On Thursday, city officials and planners provided an update on their work to draft a citywide planning initiative known as We Will Chicago. Launched in August, the three-year process is a top priority of Mayor Lori Lightfoot and represents Chicago's first citywide planning document since the 1966 Comprehensive Plan created under Mayor Richard J. Daley.
"One of the things that I've heard both on the campaign and during my time as mayor is a yearning for a better sense of land use," said Lightfoot at Thursday's virtual kick-off presentation. "We want how and when and under what circumstances land is developed to be determined through data, public engagement, and a thoughtful process and not just being dictated through the vagaries of developers," said the mayor.
"With due respect to the development community, we can do better than what we've done—particularly over the past few years where we've been hard-pressed to see meaningful efforts south of Roosevelt Road and west of Ashland."
Although Chicago officials have implemented a number of neighborhood-specific plans over the years, We Will aims to bring those efforts together in a holistic approach to how the city grows in the future and addresses its current shortcomings.
So why does Chicago need a plan on a citywide level, and why now? To answer those very basic questions, Department of Planning and Development Commissioner Maurice Cox presented a pair of side-by-side maps showing the shift in income distribution across the city from 1970 to 2017. The diagram illustrated a major redistribution of community wealth from the south, southwest, and west sides to a select set of neighborhoods located near downtown and on the north side.
"These two maps encapsulate the overarching issues that have occurred in Chicago since the last time we did a plan, which was in the 1960s," said Commissioner Cox. "I think the beauty of planning is that the same policies that created this map can redraw this map. I believe it's our generation that is being called to leave the next generation a policy guide that addresses the two issues of our time: equity and resiliency."
Cox explained that equity is "essential to addressing the structural racism, depopulation, poverty, and health disparities that we know all too well exist in our city." The resiliency aspect of the plan is about helping Chicagoans survive, adapt, and overcome crises such as illness and job loss. "It also speaks to the more essential threats of climate change and pandemics," said Cox.
The commissioner explained that unified citywide plans are commonplace in other large U.S. cities like New York, Los Angeles, and Boston, and that those cities update their plans often. Cox noted that those cities are gaining population while Chicago continues to see its numbers decline.
Since the We Will initiative was announced last summer, Cox says the planning department has talked with hundreds of residents in neighborhoods across the city to learn about their priorities. The conversations informed the principles and themes that will give the We Will plan its final form.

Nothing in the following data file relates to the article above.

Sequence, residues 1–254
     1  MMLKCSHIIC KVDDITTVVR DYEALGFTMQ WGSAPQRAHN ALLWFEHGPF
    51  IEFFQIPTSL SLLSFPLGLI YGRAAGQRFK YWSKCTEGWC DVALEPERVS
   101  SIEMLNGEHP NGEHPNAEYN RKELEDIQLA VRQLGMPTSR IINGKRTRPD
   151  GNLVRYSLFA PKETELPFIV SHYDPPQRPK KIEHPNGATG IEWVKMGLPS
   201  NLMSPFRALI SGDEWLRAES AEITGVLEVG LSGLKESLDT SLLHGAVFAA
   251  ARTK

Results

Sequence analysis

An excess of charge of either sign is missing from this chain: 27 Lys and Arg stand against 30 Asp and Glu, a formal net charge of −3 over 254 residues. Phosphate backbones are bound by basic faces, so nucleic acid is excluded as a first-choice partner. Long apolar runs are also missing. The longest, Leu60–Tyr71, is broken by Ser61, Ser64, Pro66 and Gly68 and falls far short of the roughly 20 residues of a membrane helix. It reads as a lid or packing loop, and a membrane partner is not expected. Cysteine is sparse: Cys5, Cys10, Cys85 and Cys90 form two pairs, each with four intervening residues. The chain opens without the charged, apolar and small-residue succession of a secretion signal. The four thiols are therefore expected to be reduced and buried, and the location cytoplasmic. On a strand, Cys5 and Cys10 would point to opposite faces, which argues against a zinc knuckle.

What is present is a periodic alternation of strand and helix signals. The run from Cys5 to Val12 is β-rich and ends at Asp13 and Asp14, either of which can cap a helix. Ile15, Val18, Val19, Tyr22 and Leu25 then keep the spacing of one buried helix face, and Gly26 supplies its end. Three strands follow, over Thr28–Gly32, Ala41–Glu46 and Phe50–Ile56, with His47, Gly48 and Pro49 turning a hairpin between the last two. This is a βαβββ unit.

Thursday's meeting was light on specific policies and practices (those will come later this year or early next). Instead, the focus up to this point has been identifying the issues that exist now and the areas where such a plan can make the biggest impact.
According to the presentation, We Will will be steered by five guiding themes to address the issues of equity and resilience: historical reckoning & rebuilding trust, evaluation of equity impacts, community engagement, accountability, and interagency collaboration.
The plan will foster policies that form seven "pillars" including arts and culture; economic development; environment, climate, and energy; neighborhood housing; lifelong education; public health and safety: transportation and infrastructure.
"In a city with an economy the size of Switzerland, we can't afford to be segmented by race and by class," Cox said. "Opportunity has to be pervasive throughout the city and I think this plan, if we do this right, will leave a roadmap for the next generation, well beyond any mayoral term."
Planners expect to present We Will for review and adoption by the Chicago Plan Commission and City Council in late 2022 and then move to the implementation phase. Once ratified, the document has the potential to reshape the next 30 years of urban planning and development in Chicago.
In the meantime, residents are encouraged to share their thoughts and get involved with the plan through volunteering or community partnerships in the coming weeks.
"I never thought I would be so excited to talk about a city plan," added Helene Gayle, the head of The Chicago Community Trust. "Economic inequity is at the root of our region's most significant challenges from a stagnant economy, to public safety, to health, to family wellbeing," said Gayle. "Investing in the communities that have been left out and left behind will benefit all of us."
We Will represents an ongoing collaboration between the Chicago Department of Planning and Development (DPD), the Department of Cultural Affairs and Special Events (DCASE), the Chicago Metropolitan Agency for Planning (CMAP), the Metropolitan Planning Council (MPC), and Mayor Lightfoot's Office of Equity and Racial Justice (OERJ).